Stock futures cut some losses Thursday morning after a stronger-than-expected report on retail sales, suggesting consumer spending held steady despite concerns over the Delta variant.
Contracts on the S&P 500 moved one notch below the flat line, and each of the Dow and Nasdaq indices also followed lower openings.
Traders considered a key set of economic data, which showed an unexpected increase in spending last month even as the latest wave of coronavirus spread across the United States. revised drop of 1.8% in July. Consensus economists were looking for a 0.7% drop, according to Bloomberg data.
The latest data served as another indicator of the relative strength of economic activity after a first wave of reopening in late spring and summer. While many economists have agreed that the general trend is for growth to decelerate, the true extent of the deceleration remains to be seen.
This uncertainty has also prompted equity investors to closely monitor incoming data for signals on how the economic environment could impact large company earnings. Amid concerns such as the Delta variant, lingering supply chain constraints, labor shortages and a possible Federal Reserve policy pivot, the S&P 500 has so far fallen by 0, 9% in September.
“The stock markets have been positive for seven consecutive months, which is quite rare… So yes, investors are rightly concerned,” Akshata Bailkeri, equity analyst at Bruderman Asset Management, told Yahoo Finance. “But the reason we’re seeing this is that those earnings behind a lot of these companies continue to grow, and that’s really what drives these index stocks up.”
As FactSet pointed out in its last weekly report, Consensus analysts are still looking for S&P 500 earnings growth of nearly 28% for the third quarter. While a deceleration from the growth rate of over 80% displayed in the second quarter of this year, that would still mark the third-highest year-over-year increase in earnings for the index since 2010. The third quarter earnings season is expected to resume next month.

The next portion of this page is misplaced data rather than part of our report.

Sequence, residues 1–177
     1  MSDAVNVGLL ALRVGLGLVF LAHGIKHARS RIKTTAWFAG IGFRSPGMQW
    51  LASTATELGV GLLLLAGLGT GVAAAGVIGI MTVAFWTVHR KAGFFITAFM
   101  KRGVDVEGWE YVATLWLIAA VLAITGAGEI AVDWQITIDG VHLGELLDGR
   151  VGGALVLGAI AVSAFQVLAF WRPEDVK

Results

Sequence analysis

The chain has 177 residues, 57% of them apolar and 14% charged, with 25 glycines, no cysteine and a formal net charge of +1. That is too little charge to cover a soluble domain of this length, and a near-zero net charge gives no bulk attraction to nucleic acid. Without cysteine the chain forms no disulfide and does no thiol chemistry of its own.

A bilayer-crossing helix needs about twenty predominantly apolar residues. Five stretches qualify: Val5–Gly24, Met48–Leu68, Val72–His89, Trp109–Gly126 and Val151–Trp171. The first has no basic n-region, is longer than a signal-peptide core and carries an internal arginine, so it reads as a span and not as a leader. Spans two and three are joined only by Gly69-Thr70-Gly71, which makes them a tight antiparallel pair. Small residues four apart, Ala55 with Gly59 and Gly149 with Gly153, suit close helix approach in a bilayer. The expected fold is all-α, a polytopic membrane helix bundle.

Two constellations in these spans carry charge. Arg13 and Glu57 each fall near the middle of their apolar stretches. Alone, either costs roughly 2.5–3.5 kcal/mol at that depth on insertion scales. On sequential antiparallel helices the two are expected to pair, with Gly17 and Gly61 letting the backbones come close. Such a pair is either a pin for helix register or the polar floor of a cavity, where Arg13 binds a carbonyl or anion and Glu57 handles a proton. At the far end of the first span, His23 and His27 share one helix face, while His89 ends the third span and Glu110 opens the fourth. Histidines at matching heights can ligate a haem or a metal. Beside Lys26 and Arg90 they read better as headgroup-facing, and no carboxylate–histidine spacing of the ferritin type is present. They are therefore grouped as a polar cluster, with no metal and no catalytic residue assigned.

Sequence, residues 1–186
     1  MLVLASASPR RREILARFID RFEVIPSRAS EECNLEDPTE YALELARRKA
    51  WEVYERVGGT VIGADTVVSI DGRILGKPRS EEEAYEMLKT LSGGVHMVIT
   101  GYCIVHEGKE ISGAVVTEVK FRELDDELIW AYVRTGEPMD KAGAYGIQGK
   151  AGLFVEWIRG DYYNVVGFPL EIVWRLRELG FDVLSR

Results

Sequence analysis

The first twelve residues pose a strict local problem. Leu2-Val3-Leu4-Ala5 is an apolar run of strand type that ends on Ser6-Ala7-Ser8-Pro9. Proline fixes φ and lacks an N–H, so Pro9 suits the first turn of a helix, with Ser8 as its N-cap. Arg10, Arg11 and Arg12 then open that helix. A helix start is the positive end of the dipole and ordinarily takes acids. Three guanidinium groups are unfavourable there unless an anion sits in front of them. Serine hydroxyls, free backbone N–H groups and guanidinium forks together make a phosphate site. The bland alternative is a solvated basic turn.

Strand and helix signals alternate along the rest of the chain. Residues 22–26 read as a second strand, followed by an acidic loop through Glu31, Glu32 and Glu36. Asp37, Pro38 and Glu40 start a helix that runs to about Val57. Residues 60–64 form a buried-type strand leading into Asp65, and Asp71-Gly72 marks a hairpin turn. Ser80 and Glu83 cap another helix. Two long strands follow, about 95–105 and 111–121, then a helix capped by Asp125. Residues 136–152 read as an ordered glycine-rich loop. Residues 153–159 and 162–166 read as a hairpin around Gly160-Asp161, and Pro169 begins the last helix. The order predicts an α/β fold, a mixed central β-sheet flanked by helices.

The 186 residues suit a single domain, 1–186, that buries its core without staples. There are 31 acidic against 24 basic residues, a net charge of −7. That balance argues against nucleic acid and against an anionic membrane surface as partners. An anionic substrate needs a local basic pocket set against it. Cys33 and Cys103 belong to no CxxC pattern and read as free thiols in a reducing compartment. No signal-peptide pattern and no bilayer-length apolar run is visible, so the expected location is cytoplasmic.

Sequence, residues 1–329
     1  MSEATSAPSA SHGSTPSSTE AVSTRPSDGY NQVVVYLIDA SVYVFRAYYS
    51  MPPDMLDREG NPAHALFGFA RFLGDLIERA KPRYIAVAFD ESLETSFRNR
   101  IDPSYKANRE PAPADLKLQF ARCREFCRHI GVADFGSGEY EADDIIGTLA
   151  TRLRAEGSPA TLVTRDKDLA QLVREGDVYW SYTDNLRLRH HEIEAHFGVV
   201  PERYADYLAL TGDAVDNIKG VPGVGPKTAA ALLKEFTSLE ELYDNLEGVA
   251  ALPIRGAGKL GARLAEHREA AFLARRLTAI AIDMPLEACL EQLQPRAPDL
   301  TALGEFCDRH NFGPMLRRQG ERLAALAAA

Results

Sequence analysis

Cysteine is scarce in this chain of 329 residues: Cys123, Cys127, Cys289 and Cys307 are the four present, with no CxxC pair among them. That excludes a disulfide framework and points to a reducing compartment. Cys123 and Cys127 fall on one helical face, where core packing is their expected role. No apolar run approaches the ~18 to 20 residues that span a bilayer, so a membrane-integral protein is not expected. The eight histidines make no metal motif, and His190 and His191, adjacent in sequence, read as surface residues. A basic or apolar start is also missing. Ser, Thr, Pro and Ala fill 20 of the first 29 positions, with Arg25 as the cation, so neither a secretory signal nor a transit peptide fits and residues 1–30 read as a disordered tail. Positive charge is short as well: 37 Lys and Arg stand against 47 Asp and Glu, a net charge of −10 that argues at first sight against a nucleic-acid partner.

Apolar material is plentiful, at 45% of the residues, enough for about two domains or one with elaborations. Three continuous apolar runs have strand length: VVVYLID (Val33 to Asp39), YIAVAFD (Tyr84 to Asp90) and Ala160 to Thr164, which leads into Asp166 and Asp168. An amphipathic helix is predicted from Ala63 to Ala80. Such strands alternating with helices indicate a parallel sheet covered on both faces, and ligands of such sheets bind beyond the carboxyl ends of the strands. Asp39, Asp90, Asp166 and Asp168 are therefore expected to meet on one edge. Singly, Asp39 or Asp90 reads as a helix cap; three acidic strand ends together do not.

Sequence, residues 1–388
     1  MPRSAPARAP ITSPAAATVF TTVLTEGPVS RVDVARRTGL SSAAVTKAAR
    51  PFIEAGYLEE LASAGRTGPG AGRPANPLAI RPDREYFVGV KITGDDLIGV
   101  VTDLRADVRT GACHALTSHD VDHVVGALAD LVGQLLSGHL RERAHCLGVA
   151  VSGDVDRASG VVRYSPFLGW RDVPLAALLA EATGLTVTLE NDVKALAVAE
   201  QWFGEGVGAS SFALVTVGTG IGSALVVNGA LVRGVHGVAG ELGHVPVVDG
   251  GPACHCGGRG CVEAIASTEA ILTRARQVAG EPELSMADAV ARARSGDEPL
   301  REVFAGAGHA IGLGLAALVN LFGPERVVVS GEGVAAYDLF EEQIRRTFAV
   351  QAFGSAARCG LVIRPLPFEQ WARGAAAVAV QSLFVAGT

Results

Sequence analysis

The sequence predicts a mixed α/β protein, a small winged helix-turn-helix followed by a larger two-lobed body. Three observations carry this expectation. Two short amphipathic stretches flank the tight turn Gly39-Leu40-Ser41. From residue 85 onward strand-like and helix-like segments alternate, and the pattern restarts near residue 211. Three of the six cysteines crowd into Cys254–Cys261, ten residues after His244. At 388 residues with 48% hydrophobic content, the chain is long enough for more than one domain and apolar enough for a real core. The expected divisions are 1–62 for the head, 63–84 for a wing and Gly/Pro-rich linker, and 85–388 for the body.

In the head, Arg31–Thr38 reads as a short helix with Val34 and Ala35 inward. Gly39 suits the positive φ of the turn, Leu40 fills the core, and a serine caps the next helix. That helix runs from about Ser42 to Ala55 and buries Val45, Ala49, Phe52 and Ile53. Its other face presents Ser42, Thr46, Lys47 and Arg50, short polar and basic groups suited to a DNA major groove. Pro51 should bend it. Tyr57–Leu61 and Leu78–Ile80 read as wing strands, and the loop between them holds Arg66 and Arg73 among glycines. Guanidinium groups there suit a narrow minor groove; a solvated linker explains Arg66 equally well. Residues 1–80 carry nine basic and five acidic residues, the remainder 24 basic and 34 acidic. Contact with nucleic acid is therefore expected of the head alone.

“I don’t think statistics or just how long it’s been a good reason [for a market correction]. Usually you need some kind of negative catalyst, ”Randy Frederick, Chief Derivatives Trading Charles Schwab told Yahoo Finance. “What we have right now is not so much negative catalysts as a lack of positive catalysts.”
“I think what has caused some of this more recent volatility is that we’ve had a number of Wall Street companies lowering both the GDP estimates and the corporate earnings estimates.” , he added. “These are just predictions; they may turn out to be wrong. Certainly the past two quarters earnings results have far exceeded expectations.”
8:35 a.m. ET: Retail sales unexpectedly surged in August, jobless claims hold near March 2020 low
Retail sales rose unexpectedly in August after dropping in July, suggesting consumers held up more strongly than expected despite the latest wave of the Delta variant.
Sales rose 0.7% on the month, against a drop by the same expected margin, according to Bloomberg consensus data.
The increase came as categories, including non-store retailers or online outlets, posted notable monthly increases. Sales at non-store retailers rose 5.3% in August. At the same time, sales at furniture and home furnishings stores increased 3.7%, and general merchandise stores increased 3.5%.
Food services and drinking places sales were flat during the month, but were still up 32% from a year ago. Sales at clothing and accessories stores – another indicator of the reopening – rose only 0.1%.
Meanwhile, a separate Labor Department report on Thursday showed new weekly jobless claims rose 332,000 last week, 10,000 more than expected. Still, this was only a slight jump from the pandemic-era low of 312,000 the week before.
“At first glance, it is disappointing but not entirely surprising to see a slight increase in new jobless claims given the Delta variant’s track record. This somewhat counteracts the decline in continued claims of a new era of pandemic.” , said Mark Hamrick, senior economic analyst at Bankrate, in a statement.
7:34 a.m. ET: Thursday: Stock futures plunge ahead of retail sales and jobless claims
Here’s where the markets were trading on Thursday morning:
S&P 500 Futures Contracts (ES = F): -4.75 points (-0.11%) to 4,477.00
Dow Futures (YM = F): -9 points (-0.03%) to 34,810.00
Nasdaq Futures (NQ = F): -29.00 points (-0.19%) to 15,475.00
Raw (CL = F): $ -0.14 (-0.19%) to $ 72.47 per barrel
Gold (CG = F):-$ 17.00 (-0.95%) to $ 1,777.80 per ounce
10-year cash flow (^ TNX): +1.2 bps for a yield of 1.136%
6:10 p.m. ET Wednesday: Stock futures open higher
Here are the main movements on the markets on Wednesday evening:
S&P 500 Futures Contracts (ES = F): +4 points (+ 0.09%) at 4,485.75
Dow Futures (YM = F): +23 points (+ 0.07%) at 34,842.00
Nasdaq Futures (NQ = F): +9.25 points (+ 0.06%) at 15,413.25
Emily McCormick is a reporter for Yahoo Finance. Follow her on Twitter: @emily_mcck